Dear City Friend,
It’s 6:45 on June 20th, and while the temperature is dropping, there are still hours of daylight left. I felt moved to write you a letter and tell you about the snowball bush in full bloom right now and the little worms we found on a curled leaf, presaging the annual devastation that blights this intrepid feature of our yard.
I want to tell you about the lilacs, French and Korean, that are sending out their unmistakable perfume into the evening air, and the huge yellow iris that burst forth this week, and the much smaller wild blue irises that we rediscovered today blooming on the rocks just a few feet from the Bay of Fundy.
I know that you would love the foamy white bridal wreath spirea (an anniversary gift to us the year they legalized gay marriage, remember?) and the dozens of upright pink and purple lupines, signature flower of Nova Scotia, in full and glorious bloom right now. And so much more. Like the little raccoon who has started raiding our hanging bird feeder, all on his own, two months after we chased him and his mother and siblings away.
All of this feels like news to me, although probably not to you. I remember living in the city, being engaged with social life and constant action, working on important issues, attending theatre and dance productions, films and events. Going out, keeping up, meeting up, on the go, living the life, living the news. That has continued to be your reality, at least up until this pandemic stalled city life in a way that suddenly brought your pace much closer to ours—although without our natural benefits.
Decades ago, when I lived in the city, I met a woman who did not. Her letters schooled me in a more rural kind of news. For her, news was when the chickadees that she’d been watching for a month stood aside and let their fledglings fly free from the nest. News was when the onions she’d planted were ready to pick. News was fresh snow in the nearby woods and seeing an animal, mink or marten, just living its life out there.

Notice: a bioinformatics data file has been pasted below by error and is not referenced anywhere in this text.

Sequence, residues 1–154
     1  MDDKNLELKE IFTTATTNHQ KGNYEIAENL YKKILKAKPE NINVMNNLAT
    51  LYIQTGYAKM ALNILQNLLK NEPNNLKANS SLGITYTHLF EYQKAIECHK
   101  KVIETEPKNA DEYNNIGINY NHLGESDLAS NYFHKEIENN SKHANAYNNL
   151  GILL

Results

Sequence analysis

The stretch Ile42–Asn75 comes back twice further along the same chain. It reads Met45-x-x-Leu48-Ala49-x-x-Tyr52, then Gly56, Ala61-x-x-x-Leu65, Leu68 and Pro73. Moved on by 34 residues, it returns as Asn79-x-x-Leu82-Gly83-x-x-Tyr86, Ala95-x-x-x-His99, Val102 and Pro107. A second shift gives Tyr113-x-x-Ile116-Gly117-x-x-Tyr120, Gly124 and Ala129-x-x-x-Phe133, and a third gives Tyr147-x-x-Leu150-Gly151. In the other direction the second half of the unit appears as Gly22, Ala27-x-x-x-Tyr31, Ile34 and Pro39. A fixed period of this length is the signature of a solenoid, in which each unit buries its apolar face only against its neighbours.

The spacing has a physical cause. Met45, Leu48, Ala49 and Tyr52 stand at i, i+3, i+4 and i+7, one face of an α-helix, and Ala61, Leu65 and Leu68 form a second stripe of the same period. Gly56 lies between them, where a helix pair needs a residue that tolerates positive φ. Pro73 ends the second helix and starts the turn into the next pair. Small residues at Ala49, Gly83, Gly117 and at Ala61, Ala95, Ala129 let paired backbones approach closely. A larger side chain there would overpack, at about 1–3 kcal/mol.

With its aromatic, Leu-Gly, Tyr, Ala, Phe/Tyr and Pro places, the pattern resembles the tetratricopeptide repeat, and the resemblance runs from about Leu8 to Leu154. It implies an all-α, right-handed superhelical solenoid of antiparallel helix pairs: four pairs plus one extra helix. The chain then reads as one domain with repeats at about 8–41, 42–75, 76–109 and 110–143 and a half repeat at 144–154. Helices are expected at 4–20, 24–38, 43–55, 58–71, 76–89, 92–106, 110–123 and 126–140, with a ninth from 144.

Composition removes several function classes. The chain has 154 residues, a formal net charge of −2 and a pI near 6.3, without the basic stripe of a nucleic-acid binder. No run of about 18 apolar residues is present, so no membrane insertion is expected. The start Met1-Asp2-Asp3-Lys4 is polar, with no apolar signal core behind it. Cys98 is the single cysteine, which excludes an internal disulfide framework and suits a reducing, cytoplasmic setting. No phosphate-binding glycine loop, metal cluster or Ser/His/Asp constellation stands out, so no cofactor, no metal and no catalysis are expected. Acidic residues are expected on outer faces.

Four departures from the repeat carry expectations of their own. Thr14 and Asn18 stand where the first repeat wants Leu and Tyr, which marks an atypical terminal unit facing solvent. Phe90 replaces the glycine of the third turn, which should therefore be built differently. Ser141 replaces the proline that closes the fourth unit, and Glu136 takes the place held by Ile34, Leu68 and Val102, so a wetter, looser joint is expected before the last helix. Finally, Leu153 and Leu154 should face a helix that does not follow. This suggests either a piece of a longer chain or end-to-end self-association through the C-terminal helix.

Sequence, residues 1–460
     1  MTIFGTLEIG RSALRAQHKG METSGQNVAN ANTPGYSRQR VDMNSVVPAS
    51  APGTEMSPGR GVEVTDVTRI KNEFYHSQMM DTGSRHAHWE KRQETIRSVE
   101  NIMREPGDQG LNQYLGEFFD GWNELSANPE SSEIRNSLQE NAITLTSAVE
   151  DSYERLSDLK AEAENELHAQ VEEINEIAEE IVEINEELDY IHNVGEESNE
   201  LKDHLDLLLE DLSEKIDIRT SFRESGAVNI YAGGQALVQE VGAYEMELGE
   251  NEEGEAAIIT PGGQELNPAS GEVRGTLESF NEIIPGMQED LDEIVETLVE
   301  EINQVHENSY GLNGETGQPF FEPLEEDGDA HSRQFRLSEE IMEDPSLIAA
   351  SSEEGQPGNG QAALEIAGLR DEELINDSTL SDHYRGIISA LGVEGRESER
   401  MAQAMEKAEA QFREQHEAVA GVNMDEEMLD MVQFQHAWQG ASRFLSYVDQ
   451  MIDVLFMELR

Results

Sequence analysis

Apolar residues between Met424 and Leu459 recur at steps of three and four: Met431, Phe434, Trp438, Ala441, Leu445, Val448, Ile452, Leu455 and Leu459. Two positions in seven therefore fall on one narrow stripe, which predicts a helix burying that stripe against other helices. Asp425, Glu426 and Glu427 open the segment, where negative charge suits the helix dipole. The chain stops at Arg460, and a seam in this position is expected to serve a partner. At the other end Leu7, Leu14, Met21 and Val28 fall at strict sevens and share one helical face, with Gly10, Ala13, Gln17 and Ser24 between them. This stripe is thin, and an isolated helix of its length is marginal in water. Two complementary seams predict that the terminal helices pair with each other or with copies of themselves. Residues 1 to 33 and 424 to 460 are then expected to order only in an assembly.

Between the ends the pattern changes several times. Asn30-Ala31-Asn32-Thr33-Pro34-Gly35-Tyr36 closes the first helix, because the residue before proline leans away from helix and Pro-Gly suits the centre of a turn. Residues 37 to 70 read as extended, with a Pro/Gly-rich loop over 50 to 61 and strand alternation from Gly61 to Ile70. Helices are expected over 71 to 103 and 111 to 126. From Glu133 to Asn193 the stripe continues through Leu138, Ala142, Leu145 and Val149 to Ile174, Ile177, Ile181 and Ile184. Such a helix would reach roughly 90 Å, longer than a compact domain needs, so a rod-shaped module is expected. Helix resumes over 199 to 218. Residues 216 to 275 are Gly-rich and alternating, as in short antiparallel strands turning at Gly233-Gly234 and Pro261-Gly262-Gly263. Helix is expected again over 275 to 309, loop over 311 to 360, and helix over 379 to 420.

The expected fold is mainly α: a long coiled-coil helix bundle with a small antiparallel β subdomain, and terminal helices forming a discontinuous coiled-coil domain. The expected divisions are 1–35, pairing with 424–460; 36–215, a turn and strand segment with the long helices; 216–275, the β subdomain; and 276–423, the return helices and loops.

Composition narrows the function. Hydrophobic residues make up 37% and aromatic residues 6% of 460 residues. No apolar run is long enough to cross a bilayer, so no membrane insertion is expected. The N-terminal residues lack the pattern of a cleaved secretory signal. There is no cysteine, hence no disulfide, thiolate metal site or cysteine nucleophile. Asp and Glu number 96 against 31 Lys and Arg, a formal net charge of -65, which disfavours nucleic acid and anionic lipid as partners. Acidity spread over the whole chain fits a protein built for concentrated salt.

And now I live out here too, in rural retirement. At first, back in the eighties, we didn’t even have a phone and my partner, the owner of this tilted plot of land on the shore, was content to occupy a mere ten percent of it. Her wheelchair was totally incapable of navigating the rest, despite keeping everything mowed in a grand illusion of flatness. It’s all grown up with trees and gardens now, and retrofitted with accessible pathways, landings and decks, so she really can get just about everywhere she wants to go.
Change started with basic telephone, soon followed by internet, cellphone service, and then Netflix. Suddenly, it seems, we are no longer remote. Rural, yes, but not remote. This pandemic year, we “attended” the Toronto International Film Festival virtually. My inbox is full of alarming news of fires, floods, drought, and the oppressive conditions in which people live around the globe. Not to mention the plight of animals, large and small. Rural news and urban news are no longer so far apart.
Sometimes out here in our lush surroundings, we struggle to stay connected to the wider crises but we do notice things. Fewer birds this year, yes. And although we know that insect populations are declining, we still get bugged. Ticks are plentiful. We do miss our bats, all of whom succumbed to white-nose disease a few years ago. We notice far fewer fishing boats in the water. No whales. No gypsum boats. Still no tidal power. A major wind power project defeated by timid souls worried—justifiably?—about bird strikes and brain effects. Still talk of big fossil fuel projects as the solution to economic depression. Still outright war at times between settlers and Indigenous fishers. But still no noticeable change in tide levels on our doorstep, or the basic facts of what happens when seeds go in the ground.
It’s later in the evening now, on this longest day of the year, also our thirty-first anniversary. We had a delicious seafood dinner, watched a whole movie, then marvelled at the fact that it was still not fully dark at 10:30. A waxing gibbous moon contributed its reflected beams, lengthening the day even further. So enough for now, dear friend. I do hope you’ve stayed well. I hope the pandemic has spared you and your loved ones, and if not, I’m so sorry. We are easing back into social interaction and, as we do, we hope that maybe we’ll have occasion to welcome you for a visit out here once again.
In love and solidarity,
Your Rural Friend